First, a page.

“Get Ready to Run”
Directed by Wes Ball
Starring Dylan O’Brien, Kaya Scodelario, Aml Ameen, Thomas Brodie-Sangster, Ki Hong Lee, Will Poulter and Blake Cooper
Waking in an elevator cage, Thomas (O’Brien) is propelled into the Glade, a community of boys imprisoned in the heart of a vast and shifting maze.
Thomas is immediately a disruptive influence – lead Glader Alby (Ameen) notes that his curiosity marks him out – and clashes with obligatory jerk Gally (Poulter), but supported by Alby, his second in command Newt (Brodie-Sangster, doing his very serious bit again), and previous new-boy Chuck (Cooper), he pushes to be allowed to join the Runners, the boys who map the maze and search for a way out.
Together with lead runner Minho (Lee), Thomas becomes the first to kill one of the Grievers, the monsters of the maze. When a girl, Theresa (Scodelario), arrives in the Glade, the changes begin to create friction, especially with Gally, and when the death of the Griever apparently triggers a retaliatory attack on the Glade the community fractures. Soon, it is clear that there is no choice but to escape, or die trying.
What’s wrong with it?
The opening of the film has a lot to do in terms of info-dumping about the Glade, but its attempt to break this up is rather too reliant on people being enigmatic arseholes. Three people warn Thomas not to enter the maze and he ignores them, but how difficult would it have been for them to add “because it closes at night and is full of death beasts” to their warning?
O’Brien is not quite ready to pull off the visionary leader bit that the film casts him in. It’s obvious why no-one particularly wants to follow Gally at first, he’s a dick, but Thomas doesn’t quite convince.
Theresa is made out to be tough and feisty, but ultimately does very little of consequence besides giving Gally another reason to be angry at shit. In the final run she takes up a knife, but when the older boys urge Chuck to stay back, she immediately pipes up ‘stay close to me’, indicating that she will not be going toe-to-toe with the Grievers.
The plot also succumbs somewhat to fridge logic once you’re away from the grandeur of the maze. Who built this thing, and why? It clearly wasn’t for the tests; everything looks far too ancient and ivy-covered.
On the subject of the tests, the fuck? How does the maze let you study disease resistance*? What’s up with sending Theresa? The message? Why in God’s name would you develop a test which involves your apparently dead bodies being found by the subjects? Why is this science so… evil?
What’s right with it?
The film looks amazing, from the vast and imposing maze – and almost more impressively, the consistency of the scale – to the hideous fly-spider-scorpion-cyborg Grievers.
The pace is cracking and the actors are good, even if O’Brien isn’t quite there. I’ve had a lot of time for Brodie-Sangster since Feather Boy and the other lads all manage their roles with aplomb. We got to the end of the film and I was genuinely sad to realise that someone I liked was about to be sacrificed.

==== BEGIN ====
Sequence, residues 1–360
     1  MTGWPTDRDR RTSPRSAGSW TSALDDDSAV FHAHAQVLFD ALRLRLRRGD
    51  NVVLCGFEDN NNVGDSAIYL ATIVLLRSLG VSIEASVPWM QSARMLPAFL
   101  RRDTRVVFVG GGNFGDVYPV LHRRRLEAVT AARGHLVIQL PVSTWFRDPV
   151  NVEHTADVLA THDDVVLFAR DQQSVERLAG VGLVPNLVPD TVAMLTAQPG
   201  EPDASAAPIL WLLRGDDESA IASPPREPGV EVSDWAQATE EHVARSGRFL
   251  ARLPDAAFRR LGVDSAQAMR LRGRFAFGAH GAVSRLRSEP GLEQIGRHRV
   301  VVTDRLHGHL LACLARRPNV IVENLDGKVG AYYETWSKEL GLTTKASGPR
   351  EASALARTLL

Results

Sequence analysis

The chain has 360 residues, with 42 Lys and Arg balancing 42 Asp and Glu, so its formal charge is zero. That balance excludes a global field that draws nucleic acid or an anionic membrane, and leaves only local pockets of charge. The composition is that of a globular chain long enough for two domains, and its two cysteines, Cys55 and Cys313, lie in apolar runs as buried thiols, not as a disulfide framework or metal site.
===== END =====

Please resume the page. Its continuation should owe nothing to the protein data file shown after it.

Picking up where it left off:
How bad is it really?
Not at all, really. Together with films like Dracula Untold and Hercules, The Maze Runner represents a shift in my viewing habits away from total crap, as a result of which I find myself reviewing the bad in films I’ve enjoyed as often as the unutterably poor.
I think that the weakness of Theresa as a character is the one unforgivable sin of the movie.
Best bit (if such there is)?
The final stand-off with Gally really ramps the tension up, as you realise that with none of the significant leads killed by the Grievers, someone genuinely sympathetic is about to die.
What’s up with…?
- The tests? I’m guessing that there is more to this than is suggested, simply because the stated reasons don’t make sense. My supposition is that the story given to them is the set up for phase 2.
- WCKD? Really; World Catastrophe Killzone Department? Someone really wanted your acronym to be ‘wicked’.
- ‘Wicked is Good’? This had better turn out to be the ‘Would You Kindly’ of the trilogy.
- The failure to explain? They’re in the Maze at one point and someone is like ‘Oh, yeah; death beasts. What did you expect?’ and Thomas would be quite within his rights to point out: ‘Well, not death beasts, because surely someone would have mentioned the death beasts!‘
Production values – Oooo… The design and realisation of the maze and the complex are amazing, and even the Grievers manage not to be too CGI. 3
Dialogue and performances – The script has few write-home moments and a little too much reliance on ‘oh, we’ll explain that later’ to build tension, but the dialogue is clear and the characters well distinguished. O’Brien, in all honesty, is caught by the story’s presentation of Thomas, and does pretty well in the circumstances. Scodelario, conversely, is given little to work with, but the other actors make their parts work. 11
Plot and execution – The plot is, overall, pretty straightforward, and the twists are well-timed to keep the pace going. The real problem is the degree to which the film tries to draw out its pacing just by having people not explain things until it is basically far too late. 8
Randomness – I think that ‘wicked’ is my only real gripe here. Everything else is so grounded, and then the science team turns out to pretty much be named after an alcho-pop. 3
Waste of potential – By dropping some of the book’s less tangible elements, the film relegates telepathic Theresa to a token role, but this is probably still second to The Hunger Games in my personal chart of recent teen-oriented adaptations (with which phrase I hope to attain immortality as the encyclopedia definition of ‘damning with faint praise’.) 5
* I stand ready to withdraw this objection if the explanation offered for the maze tests proves just to be some bullshit designed to lead into the scorch trials.